Healthy Lake Boon signs

We thank those who have been displaying the “Lake Boon Needs Your Help!” signs to raise awareness about taking care of our lake. However, a few of them have been damaged by snow plowing, blowing into the lake, etc. Please dispose of damaged signs and those that are not displayed reasonably.

There has also been concern about one of the three signs that incorrectly says “No wakes within 150 feet of shore, swimmers, boats.” In Massachusetts boating law, the 150 foot distance does not relate to wakes; it relates to motor boats moving at more than headway speed. The LBA ceased distributing that version sign as soon as the error was noted and Boonies who have those signs are encouraged to trade them in for one of the others by emailing Dave Gray at to make arrangements.

Lake Boon Commission meets May 3; public hearing on winter lake rules

The Lake Boon Commission will meet on Wednesday, May 3 at 7 p.m. on Zoom. Public participation using your phone or computer is encouraged.


  • Welcome opening remarks
  • Proposed Lake Boon Winter Rules
  • Public Comment
  • Deliberation of any recommended changes as proposed
  • Vote of LBC members
  • Adjourn

To join the meeting, see the posted agenda for a Zoom link or phone number.

Happy Earth Day this Saturday, April 22!

Let’s participate with our annual roadside cleanup this weekend. We can contribute to our lake community, enhance the environment, set a good example for our children and grandchildren, and carry out another part of our Healthy Lake Boon Initiative. Please help pick up trash along our roads to keep the neighborhood looking nice and prevent anything from blowing or washing into the lake or clogging storm drains. You can put the accumulation with your normal trash pickup. Participants should wear gloves, long pants and long sleeves to help avoid poison ivy and bright clothes or a reflective vest for safety.

Those in Stow can also register as part of the town-wide cleanup by signing up online or at the Lower Common (Shaw’s plaza) on Saturday morning 8 a.m. to noon. The Stow Cleanup Group will have yellow garbage bags, gloves and reflective vests available there also. Bags can be put in your own trash can or left by the side of the road in Stow. The Stow Town Highway Department will pick up bags on Monday.

April 19 on Zoom: Sustainable Stow talk on native plant gardening

As Lake Boon abutters we play a very important part in preserving its watershed, flora and fauna. When planting your gardens this spring, consider native plants that help maintain our wildlife and biodiversity. We have the opportunity to learn more at an upcoming presentation sponsored by Sustainable Stow and Randall Library.

On Wednesday, April 19 at 7 p.m., speaker Amy Meltzer will give a talk on “Gardening With Native Plants: Providing habitat for pollinators, birds and other essential wildlife.” Amy focus on the evolutionary relationship among native plants, insects, birds and fungi, and how these interdependent relationships across diverse species are necessary for their survival.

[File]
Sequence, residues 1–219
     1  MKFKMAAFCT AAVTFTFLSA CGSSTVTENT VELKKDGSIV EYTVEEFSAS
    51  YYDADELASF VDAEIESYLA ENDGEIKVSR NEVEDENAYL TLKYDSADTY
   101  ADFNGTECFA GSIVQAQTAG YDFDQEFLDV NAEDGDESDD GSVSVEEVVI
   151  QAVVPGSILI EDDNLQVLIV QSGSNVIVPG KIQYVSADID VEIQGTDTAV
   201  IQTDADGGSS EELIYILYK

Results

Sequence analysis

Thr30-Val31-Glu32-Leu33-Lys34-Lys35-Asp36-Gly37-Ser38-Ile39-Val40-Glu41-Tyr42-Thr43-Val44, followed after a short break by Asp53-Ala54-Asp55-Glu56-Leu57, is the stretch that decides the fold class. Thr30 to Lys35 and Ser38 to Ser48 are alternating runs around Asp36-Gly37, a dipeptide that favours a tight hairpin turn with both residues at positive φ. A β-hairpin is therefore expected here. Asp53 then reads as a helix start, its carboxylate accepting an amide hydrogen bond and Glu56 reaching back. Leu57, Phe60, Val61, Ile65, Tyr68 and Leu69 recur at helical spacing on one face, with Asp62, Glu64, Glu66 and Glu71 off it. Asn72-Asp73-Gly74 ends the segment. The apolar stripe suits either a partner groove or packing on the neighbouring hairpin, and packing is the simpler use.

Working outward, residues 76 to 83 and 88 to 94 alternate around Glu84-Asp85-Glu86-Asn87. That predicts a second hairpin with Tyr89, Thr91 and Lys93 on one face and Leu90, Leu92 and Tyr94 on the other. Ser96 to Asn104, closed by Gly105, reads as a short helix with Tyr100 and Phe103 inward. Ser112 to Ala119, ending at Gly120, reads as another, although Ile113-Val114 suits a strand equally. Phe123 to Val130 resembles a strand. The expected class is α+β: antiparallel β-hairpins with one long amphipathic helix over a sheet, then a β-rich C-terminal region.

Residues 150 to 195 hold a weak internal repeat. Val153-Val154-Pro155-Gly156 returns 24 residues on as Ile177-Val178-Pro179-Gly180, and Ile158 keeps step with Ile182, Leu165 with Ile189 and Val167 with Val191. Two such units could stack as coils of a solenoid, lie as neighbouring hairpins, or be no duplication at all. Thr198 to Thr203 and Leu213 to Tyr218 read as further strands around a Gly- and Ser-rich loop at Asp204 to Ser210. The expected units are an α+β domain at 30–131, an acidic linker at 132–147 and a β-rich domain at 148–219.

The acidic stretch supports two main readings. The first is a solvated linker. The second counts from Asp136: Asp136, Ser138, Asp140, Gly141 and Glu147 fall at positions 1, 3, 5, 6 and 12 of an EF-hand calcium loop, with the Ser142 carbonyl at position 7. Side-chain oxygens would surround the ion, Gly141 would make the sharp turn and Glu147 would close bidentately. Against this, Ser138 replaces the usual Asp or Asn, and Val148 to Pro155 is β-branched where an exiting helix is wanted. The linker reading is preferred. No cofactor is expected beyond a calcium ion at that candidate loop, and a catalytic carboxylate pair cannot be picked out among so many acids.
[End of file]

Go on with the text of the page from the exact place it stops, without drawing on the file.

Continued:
She will show how growing native plants and using ecological landscaping practices can simultaneously reverse biodiversity loss, increase resilience in our landscapes, and slow climate change – all while creating a beautiful garden!

Amy is an active member of Grow Native Massachusetts and the Mass Pollinator Network. She is on both the Research Team and the Natural Solutions Working Group of Elders Climate Action.

For more information and to register, please visit

A reminder…

It’s never too early for lake-friendly lawncare! Remember, the Lake Boon Association discourages fertilizing lawns and gardens near the lake. Phosphorus in particular is the nutrient most responsible for algae blooms and vigorous aquatic weed growth later in the season. If you feel you must use fertilizer, make an effort to select no, or very low, phosphorus content. Fertilizer nutrient % concentrations are always identified in the order N-P-K for Nitrogen, Phosphorus and Potassium though it is often in the fine print. Look for zero as the middle number. Phosphorus is not needed to sustain a green lawn.

If you have a landscape service applying fertilizer, specify a no phosphorus formulation and to stay well away from any waterfront runoff area. It’s all too easy for landscapers to apply their one-size-fits-all chemicals that they use in yards away from water bodies. If they cannot provide a very low or no phosphorus fertilizer it may be time to look for another service.

Lake Boon Commission meets April 12

The Lake Boon Commission will meet Wednesday, April 12 at 7 p.m. on Zoom. Public participation via calling in or using your computer is encouraged. You can find the agenda, with a Zoom link and connection information, here on the Town of Hudson website.


  • Welcome opening remarks
  • Dam update with Theresa O’Riorden
  • Public Comment
  • Rec commission request for permit
  • Bills for Payment – Review/Approve
  • Lake Boon weed treatment plans Update
  • Summer prep for the lake buoys and boat
  • Winter on the lake, snowmobile, dirt bikes and policing
  • Past Meeting Minutes – Review/Approve
  • Old Business
  • New Business
  • Date of Next Meeting
  • Adjourn